With this week’s Torah portion comes the beginning of the Exodus story, including the first seven of the ten plagues. These are presented as an expression of God’s intervention in nature, through which the Egyptians were to learn that it is not right for one human being to enslave another. In our youth, many of us were taught that these plagues were really only natural events, albeit extreme, which were then exaggerated and embellished over the centuries in the collective memory of our people and finally recorded in the Torah as God’s supernatural handiwork.

Regardless of what happened, or didn’t happen, historically, the Torah is trying to tell us something else. In describing these plagues, as well as all of God’s miraculous deeds in the first part of the book of Exodus, the text uses the terms otot—“signs—and moftimwonders—neither of which means natural events.

And the Torah comes to teach us that human involvement (here by Moses and Aaron) is necessary to effect these signs and wonders. The plagues, the parting of the Reed Sea, the rock flowing with water—none of these things happen without human participation in bringing about the miracle. Moses and Aaron are not seen as possessing miraculous powers on their own; rather, they partner with God to bring about needed change in reality as they know it. Only after that reality—the laws of nature—has been altered can the Israelites raise up their heads and demand their freedom. Only after these changes to the world as they knew it did the Egyptians’ determination to dominate another nation begin to break down.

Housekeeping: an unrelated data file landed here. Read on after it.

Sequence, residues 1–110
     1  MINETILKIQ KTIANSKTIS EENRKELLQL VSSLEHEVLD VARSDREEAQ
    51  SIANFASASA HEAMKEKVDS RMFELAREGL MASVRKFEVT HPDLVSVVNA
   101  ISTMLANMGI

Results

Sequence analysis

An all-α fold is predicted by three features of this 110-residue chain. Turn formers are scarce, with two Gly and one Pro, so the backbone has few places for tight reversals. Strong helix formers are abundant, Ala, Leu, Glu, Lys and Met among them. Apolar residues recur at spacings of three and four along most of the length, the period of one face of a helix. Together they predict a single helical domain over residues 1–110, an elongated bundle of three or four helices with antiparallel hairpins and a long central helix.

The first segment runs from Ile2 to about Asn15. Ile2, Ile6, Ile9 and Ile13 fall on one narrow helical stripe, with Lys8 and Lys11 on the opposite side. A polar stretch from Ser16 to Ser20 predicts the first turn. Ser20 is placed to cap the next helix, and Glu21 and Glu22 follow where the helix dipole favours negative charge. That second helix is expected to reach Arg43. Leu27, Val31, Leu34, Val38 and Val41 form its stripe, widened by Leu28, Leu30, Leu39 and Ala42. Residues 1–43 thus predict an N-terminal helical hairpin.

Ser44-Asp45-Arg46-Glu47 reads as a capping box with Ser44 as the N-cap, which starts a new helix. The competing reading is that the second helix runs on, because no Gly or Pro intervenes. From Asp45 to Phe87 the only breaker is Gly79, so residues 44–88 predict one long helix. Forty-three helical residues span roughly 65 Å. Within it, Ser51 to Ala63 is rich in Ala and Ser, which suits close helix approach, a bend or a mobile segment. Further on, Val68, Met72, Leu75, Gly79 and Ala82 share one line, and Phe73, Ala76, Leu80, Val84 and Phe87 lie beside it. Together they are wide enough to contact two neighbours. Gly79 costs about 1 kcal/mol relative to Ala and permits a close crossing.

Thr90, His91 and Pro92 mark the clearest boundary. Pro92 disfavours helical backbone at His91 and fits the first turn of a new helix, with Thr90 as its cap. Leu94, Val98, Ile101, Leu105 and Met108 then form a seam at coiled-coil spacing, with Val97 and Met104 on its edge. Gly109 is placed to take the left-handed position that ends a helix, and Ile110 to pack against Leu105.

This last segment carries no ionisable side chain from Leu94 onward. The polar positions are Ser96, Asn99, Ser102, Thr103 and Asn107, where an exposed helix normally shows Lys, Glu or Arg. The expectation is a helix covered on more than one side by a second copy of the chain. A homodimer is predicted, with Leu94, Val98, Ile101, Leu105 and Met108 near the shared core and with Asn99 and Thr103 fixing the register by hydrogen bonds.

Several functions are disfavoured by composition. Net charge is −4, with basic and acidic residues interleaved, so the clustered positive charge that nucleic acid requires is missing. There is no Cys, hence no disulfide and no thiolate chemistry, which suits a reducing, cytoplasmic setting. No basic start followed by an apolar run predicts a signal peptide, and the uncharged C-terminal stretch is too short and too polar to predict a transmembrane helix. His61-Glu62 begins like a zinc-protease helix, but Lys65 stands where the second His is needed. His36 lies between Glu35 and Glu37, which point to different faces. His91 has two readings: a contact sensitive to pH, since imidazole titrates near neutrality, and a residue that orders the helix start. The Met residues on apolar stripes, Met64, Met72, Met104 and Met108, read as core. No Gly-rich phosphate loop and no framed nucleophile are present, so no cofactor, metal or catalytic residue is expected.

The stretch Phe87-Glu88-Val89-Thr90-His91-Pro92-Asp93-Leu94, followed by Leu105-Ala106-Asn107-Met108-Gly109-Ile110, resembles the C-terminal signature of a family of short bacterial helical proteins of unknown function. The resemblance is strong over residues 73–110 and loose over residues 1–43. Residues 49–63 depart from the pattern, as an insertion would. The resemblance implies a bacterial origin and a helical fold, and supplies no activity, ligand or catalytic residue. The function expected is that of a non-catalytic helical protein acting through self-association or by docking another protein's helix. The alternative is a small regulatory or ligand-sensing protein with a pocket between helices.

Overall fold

I’ve been thinking a lot over this last weekend of commemorating the life and work of Dr. Martin Luther King. About how he and all those who worked on behalf of civil and human rights in this country were working miracles. They risked (and sometimes lost) their lives to challenge the so-called natural order of race relations, and while many of them prayed for God’s intervention, they didn’t stand by and wait. They became God’s partners in seeking and achieving justice.

I’ve also been thinking about how much more there is to do rectify racial disparity in our country and how we, in the Or Hamidbar community, might best be involved in this work. How might we be those human beings who partner with God in creating miracles, the changes so necessary to our community, our nation, and the whole world?

I hope to have some concrete suggestions in the weeks to come, but in the meantime, I invite everyone to consider renewing our sense of wonder and our ability to perceive the positive events around us as signs for us to partner with God in working miracles.

Shabbat Shalom

Rabbi David

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